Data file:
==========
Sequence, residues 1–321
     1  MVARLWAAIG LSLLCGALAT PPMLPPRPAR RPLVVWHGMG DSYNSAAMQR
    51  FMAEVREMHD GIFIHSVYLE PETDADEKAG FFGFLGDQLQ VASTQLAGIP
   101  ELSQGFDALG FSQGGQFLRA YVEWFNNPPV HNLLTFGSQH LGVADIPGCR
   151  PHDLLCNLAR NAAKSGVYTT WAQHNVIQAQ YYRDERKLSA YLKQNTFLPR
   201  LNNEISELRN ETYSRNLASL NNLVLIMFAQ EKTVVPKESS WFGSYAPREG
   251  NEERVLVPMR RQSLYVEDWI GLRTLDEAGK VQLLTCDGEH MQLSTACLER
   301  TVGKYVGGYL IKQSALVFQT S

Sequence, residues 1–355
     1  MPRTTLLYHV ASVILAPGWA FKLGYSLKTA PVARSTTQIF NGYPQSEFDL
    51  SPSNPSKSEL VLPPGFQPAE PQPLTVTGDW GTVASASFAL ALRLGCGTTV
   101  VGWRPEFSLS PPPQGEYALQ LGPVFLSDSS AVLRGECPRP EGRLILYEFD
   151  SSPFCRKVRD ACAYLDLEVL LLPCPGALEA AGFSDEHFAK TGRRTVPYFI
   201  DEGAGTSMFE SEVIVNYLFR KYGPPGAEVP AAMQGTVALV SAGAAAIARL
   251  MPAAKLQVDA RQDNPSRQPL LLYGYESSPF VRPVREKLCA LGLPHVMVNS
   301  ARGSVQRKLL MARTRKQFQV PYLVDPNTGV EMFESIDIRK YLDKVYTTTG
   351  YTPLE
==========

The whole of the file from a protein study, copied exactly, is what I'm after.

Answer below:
Sequence, residues 1–321
     1  MVARLWAAIG LSLLCGALAT PPMLPPRPAR RPLVVWHGMG DSYNSAAMQR
    51  FMAEVREMHD GIFIHSVYLE PETDADEKAG FFGFLGDQLQ VASTQLAGIP
   101  ELSQGFDALG FSQGGQFLRA YVEWFNNPPV HNLLTFGSQH LGVADIPGCR
   151  PHDLLCNLAR NAAKSGVYTT WAQHNVIQAQ YYRDERKLSA YLKQNTFLPR
   201  LNNEISELRN ETYSRNLASL NNLVLIMFAQ EKTVVPKESS WFGSYAPREG
   251  NEERVLVPMR RQSLYVEDWI GLRTLDEAGK VQLLTCDGEH MQLSTACLER
   301  TVGKYVGGYL IKQSALVFQT S

Sequence, residues 1–355
     1  MPRTTLLYHV ASVILAPGWA FKLGYSLKTA PVARSTTQIF NGYPQSEFDL
    51  SPSNPSKSEL VLPPGFQPAE PQPLTVTGDW GTVASASFAL ALRLGCGTTV
   101  VGWRPEFSLS PPPQGEYALQ LGPVFLSDSS AVLRGECPRP EGRLILYEFD
   151  SSPFCRKVRD ACAYLDLEVL LLPCPGALEA AGFSDEHFAK TGRRTVPYFI
   201  DEGAGTSMFE SEVIVNYLFR KYGPPGAEVP AAMQGTVALV SAGAAAIARL
   251  MPAAKLQVDA RQDNPSRQPL LLYGYESSPF VRPVREKLCA LGLPHVMVNS
   301  ARGSVQRKLL MARTRKQFQV PYLVDPNTGV EMFESIDIRK YLDKVYTTTG
   351  YTPLE